Model UN is a simulation of the United Nations conference, which brings high school students that represent one of 193 countries together to discuss international issues and crises and propose solutions to them. According to the UN Charter, the mission of the United Nations is to encourage and maintain international peace and security, friendly and diplomatic relationships with other countries, as well as to create an international center for nations to work to achieve these common goals. Each delegation is assigned a country, and as a class we represented Israel. As delegates of Israel, we were divided into separate committees where we discussed and debated issues such as drones, organized crime, and the Zika virus, hoping to pass resolutions proposing solutions to the problem through Israel’s perspective.
Preparation: Preparing the Country Book
In order to be fully prepared for Model UN, we began by researching the political history of Israel and various country policies before going in depth on our particular committee topics. After we finished researching Israel’s global priorities, human rights concerns, and current events, we started to focus on our assigned committees and wrote position papers to further delve into and propose solutions to the topics we would discuss in our committees. Despite the arduous process of researching and putting together our country book, our hard work paid off at the conference when our books provided valuable information that we were able to quickly utilize during our committee sessions.
In the committee meetings themselves, we were challenged explain and advocate for our country policies to the best of our ability, and apply these policies to potential solutions. We talked about issues in moderated caucuses and we wrote resolutions and collaborated with other delegates in unmoderated caucuses. In our experience, representing and speaking for a certain country in a conference was be challenging at first, but once we got used to the MUN procedures and language, most of us became much more comfortable and active participants. This came much easier to Elliot Sasson, a student-delegate who represented Israel because it is a country that he has an emotional connection with and has visited multiple times. The MUN experience was admittedly challenging, but we learned a lot during the process and gained experience we can apply throughout our lives.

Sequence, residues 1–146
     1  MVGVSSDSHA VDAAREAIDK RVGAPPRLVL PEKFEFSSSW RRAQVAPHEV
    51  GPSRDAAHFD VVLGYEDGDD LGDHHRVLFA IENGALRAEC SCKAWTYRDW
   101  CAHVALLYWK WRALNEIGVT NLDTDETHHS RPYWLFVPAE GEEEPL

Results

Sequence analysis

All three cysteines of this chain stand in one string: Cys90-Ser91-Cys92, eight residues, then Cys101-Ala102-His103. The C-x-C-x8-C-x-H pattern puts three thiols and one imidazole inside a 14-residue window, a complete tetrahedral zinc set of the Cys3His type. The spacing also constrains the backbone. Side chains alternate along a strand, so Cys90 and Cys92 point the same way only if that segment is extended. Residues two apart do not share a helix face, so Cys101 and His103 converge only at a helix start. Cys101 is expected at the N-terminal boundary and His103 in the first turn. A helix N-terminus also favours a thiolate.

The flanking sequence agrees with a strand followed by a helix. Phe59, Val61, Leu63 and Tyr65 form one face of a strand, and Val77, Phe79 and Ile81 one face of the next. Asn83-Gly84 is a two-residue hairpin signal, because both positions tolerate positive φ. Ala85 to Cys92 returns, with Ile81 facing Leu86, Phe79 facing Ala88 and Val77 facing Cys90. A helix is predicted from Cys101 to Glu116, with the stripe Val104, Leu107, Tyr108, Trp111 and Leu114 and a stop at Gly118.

Despite the common perception of Model UN as a debate tournament, it actually entails much more preparation, applied skill, and enthusiasm. As someone who has participated in parliamentary debate, I can tell you that Model UN is a totally different experience. Instead of short prepared speeches delivered by participants in a formal debate, committee meetings are unpredictable as there is no clear victory or defeat. Other than a one-minute speech, the rest of the meeting depends solely upon the opinions brought up by the delegates, which contributes to how much energy is needed to participate. In regards to the personal interaction during the meetings, it is definitely out of some people’s comfort zone to constantly engage with strangers who you refer to by the country they represent. Nevertheless, Model UN is a must-do for anyone interested politics or international relations and will definitely boost one’s knowledge of world affairs in general, which perfectly envelopes the Multicultural understanding pillar at Athenian. As a class, we performed very well at CCCMUN and 2 out of the 5 delegates representing Israel won awards. Hannah Williams won the award for “Outstanding Delegate,” the top most honor that can be received and Rahul Arockiaraj won the award for “Exceptional Delegate,” the second most honorable award. Also from the F Period class, Devin Dhaliwal won the “Distinguished Delegate” award which is the third highest honor.
As participation within the Athenian community grows, so will our opportunities to explore deeper into the world of MUN. For example, this year we got invited to visit the New York City MUN, which takes place at the UN headquarters. The competition includes possible appearances from UN Secretary General Ban Ki-Moon and former secretary of state Condoleezza Rice. This and other potential opportunities that may come up only benefit the Athenian community, in general. Again, as a class, we would like to stress the amount of knowledge gained from MUN and strongly recommend it to anyone who is even remotely interested. Please spread the word to anyone else you might think will enjoy taking part in MUN.